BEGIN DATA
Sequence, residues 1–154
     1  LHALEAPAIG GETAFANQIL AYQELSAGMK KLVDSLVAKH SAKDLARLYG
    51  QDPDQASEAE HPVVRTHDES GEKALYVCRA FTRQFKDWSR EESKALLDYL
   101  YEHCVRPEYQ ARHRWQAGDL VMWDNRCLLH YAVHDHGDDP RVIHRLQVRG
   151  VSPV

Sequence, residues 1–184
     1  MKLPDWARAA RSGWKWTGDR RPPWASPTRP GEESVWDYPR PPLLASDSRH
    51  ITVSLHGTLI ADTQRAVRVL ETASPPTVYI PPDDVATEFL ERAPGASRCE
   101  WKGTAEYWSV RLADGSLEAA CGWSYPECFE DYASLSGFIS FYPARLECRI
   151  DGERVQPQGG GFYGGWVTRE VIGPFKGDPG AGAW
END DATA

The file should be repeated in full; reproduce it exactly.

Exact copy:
Sequence, residues 1–154
     1  LHALEAPAIG GETAFANQIL AYQELSAGMK KLVDSLVAKH SAKDLARLYG
    51  QDPDQASEAE HPVVRTHDES GEKALYVCRA FTRQFKDWSR EESKALLDYL
   101  YEHCVRPEYQ ARHRWQAGDL VMWDNRCLLH YAVHDHGDDP RVIHRLQVRG
   151  VSPV

Sequence, residues 1–184
     1  MKLPDWARAA RSGWKWTGDR RPPWASPTRP GEESVWDYPR PPLLASDSRH
    51  ITVSLHGTLI ADTQRAVRVL ETASPPTVYI PPDDVATEFL ERAPGASRCE
   101  WKGTAEYWSV RLADGSLEAA CGWSYPECFE DYASLSGFIS FYPARLECRI
   151  DGERVQPQGG GFYGGWVTRE VIGPFKGDPG AGAW